Itzel Chávez Gómez
28, College and Career Coordinator at Adelante Mujeres
2022 Prize Winner
As the first person in her family to graduate with a four-year college degree, Itzel Chávez Gómez knows firsthand the challenges college freshmen face. Choosing a major, for example. When Chávez Gómez, now 28, was deciding what to study at the University of Oregon, she relied on one source: the CBS show CSI: Miami.
Inspired by the character Eric Delko, Chávez Gómez was poised for a career as an undercover agent—double-majoring in political science and Russian because the fictitious Delko’s father was Russian.
“It’s hard to understand what college really is, especially when you don’t have family who has done it before,” Chávez Gómez says.
Chávez Gómez is now the college and career coordinator at the Forest Grove-based nonprofit Adelante Mujeres (“Women Rise Up”). She mentors more than 30 Latina seniors at seven high schools in Washington County, helping them choose a college, fill out applications, and apply for financial aid. She shares her CSI: Miami story with students all the time: “I feel like a mom, telling them, ‘Don’t make the mistakes that I made.’”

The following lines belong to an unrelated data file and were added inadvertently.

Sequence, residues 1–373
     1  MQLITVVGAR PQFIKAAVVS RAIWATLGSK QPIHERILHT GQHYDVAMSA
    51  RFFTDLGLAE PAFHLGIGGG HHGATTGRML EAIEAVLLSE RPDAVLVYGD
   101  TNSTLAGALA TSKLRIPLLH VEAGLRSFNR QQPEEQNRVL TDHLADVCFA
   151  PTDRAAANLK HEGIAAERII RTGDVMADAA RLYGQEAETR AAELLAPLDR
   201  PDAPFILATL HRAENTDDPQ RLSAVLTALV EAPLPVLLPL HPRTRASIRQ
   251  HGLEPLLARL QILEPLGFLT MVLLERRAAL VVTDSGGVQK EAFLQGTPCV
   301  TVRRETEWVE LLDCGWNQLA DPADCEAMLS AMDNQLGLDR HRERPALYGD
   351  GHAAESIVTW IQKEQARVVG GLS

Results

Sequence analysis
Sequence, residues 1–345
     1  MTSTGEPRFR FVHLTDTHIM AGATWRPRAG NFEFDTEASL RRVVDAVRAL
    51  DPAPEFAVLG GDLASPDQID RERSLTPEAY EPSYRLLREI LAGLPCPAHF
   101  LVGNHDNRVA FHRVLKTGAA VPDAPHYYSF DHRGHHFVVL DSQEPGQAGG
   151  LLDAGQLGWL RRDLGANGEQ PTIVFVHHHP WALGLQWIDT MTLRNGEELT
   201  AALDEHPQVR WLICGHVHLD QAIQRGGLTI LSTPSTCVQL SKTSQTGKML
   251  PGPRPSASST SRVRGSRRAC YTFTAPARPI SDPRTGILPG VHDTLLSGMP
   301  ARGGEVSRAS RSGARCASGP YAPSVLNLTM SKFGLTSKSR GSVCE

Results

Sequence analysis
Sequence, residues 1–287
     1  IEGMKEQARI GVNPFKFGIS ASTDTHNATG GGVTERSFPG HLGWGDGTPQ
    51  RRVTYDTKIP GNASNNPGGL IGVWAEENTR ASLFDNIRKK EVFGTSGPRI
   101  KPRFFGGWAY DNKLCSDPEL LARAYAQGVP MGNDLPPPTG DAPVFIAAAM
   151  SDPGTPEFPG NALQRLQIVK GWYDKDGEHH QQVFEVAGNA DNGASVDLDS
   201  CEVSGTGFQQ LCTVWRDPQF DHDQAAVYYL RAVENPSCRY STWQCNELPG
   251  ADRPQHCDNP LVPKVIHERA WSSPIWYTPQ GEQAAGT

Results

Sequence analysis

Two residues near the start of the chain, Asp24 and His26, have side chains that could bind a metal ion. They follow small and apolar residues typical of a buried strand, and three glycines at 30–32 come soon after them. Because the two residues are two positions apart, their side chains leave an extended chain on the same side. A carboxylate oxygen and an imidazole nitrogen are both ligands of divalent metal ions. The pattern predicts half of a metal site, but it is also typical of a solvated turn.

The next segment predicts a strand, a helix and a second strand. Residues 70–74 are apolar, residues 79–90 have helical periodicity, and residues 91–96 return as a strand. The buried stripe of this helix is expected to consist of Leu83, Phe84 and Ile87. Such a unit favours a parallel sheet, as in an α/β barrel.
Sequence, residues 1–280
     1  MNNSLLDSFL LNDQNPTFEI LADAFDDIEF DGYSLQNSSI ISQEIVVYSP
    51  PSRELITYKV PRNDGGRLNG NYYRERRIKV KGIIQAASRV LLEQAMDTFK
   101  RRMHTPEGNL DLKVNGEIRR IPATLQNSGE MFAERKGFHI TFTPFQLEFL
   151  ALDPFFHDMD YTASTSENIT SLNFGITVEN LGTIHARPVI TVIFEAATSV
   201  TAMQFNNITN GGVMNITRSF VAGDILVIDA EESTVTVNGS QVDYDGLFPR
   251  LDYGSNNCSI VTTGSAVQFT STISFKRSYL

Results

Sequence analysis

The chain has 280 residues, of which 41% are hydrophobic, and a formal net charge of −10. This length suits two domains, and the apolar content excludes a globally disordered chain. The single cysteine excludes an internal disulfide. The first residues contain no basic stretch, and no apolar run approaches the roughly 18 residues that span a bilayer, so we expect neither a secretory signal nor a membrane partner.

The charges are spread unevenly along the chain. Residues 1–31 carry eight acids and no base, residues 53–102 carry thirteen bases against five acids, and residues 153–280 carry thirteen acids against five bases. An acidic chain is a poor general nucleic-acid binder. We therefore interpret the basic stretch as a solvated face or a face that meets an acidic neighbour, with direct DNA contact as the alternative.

In Eugene, she took ethnic studies classes that “opened up my whole world.” She learned about Latino history and, for the first time, started to embrace her own Mexican heritage. (She also learned about the racism embedded in the U.S. criminal justice system, which soured her on the idea of working for law enforcement.)
Her work at Adelante Mujeres continues this celebration of her culture. “I don’t want other Latina students to spend 21 years of their lives being ashamed of who they are,” she says.
Growing up in Beaverton as one of four children of a then-undocumented single mother, the only Latina friends she had were her cousins. She dreaded roll call on the first day of school, worried the teacher would botch the pronunciation of her name. The internalized oppression ran so deep that Chávez Gómez “just wanted to be white.”
Chávez Gómez pioneered Adelante Mujeres’ “Chicas in College” program, which supports 70 Latinas across nine colleges in Oregon, connecting them with campus resources and each other. She also developed the first-ever Chicas Emergency Grant that covers college-related expenses such as tuition, books, housing, meals and transportation.
Adelante Mujeres’ youth development advocate and project developer, Carmen Walsh, says Chávez Gómez works extra hard to make sure students “know someone has their back”: She has thrown summer barbecues and stayed up until 4 am writing recommendation letters for students who have asked at the last minute.
“Itzel gives students the permission to picture what their future could look like and to dream big,” Walsh says. “What a gift.”
Skidmore Prizes are sponsored by Comcast